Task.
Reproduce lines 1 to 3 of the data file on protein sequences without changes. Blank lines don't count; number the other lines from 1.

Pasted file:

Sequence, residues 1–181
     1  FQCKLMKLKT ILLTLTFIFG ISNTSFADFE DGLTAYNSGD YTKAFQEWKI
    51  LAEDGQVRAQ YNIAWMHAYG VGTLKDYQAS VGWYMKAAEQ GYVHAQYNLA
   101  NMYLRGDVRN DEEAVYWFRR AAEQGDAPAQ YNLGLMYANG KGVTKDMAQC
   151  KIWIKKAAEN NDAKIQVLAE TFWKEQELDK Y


Sequence, residues 1–181
     1  FQCKLMKLKT ILLTLTFIFG ISNTSFADFE DGLTAYNSGD YTKAFQEWKI
    51  LAEDGQVRAQ YNIAWMHAYG VGTLKDYQAS VGWYMKAAEQ GYVHAQYNLA